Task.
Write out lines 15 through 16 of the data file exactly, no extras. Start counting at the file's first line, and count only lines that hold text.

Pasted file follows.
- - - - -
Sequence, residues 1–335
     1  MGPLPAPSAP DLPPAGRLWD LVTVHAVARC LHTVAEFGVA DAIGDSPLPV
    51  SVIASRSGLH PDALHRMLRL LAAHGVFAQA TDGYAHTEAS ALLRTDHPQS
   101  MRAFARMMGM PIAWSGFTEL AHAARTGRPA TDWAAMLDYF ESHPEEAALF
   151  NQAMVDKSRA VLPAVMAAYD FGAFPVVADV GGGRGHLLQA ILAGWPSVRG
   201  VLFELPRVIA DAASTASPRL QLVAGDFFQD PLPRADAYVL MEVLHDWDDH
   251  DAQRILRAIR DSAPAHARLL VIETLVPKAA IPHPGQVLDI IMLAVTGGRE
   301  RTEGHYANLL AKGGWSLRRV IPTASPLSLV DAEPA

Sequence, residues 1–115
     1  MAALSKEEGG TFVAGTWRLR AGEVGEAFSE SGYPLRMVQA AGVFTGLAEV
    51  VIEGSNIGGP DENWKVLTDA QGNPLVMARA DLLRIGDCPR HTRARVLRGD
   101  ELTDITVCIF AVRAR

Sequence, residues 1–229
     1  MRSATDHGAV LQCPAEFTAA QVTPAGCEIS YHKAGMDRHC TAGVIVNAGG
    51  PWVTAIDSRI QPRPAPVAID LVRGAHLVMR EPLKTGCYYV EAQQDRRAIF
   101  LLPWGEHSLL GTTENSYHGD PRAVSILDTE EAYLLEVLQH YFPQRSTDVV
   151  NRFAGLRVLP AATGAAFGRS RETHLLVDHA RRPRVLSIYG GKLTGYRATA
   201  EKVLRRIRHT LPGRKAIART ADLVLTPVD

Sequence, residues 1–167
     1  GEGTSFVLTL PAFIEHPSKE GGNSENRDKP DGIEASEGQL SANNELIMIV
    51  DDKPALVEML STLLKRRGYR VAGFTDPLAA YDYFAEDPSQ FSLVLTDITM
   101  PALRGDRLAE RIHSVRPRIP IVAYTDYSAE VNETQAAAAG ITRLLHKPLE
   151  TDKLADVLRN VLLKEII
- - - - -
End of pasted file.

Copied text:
    51  PWVTAIDSRI QPRPAPVAID LVRGAHLVMR EPLKTGCYYV EAQQDRRAIF
   101  LLPWGEHSLL GTTENSYHGD PRAVSILDTE EAYLLEVLQH YFPQRSTDVV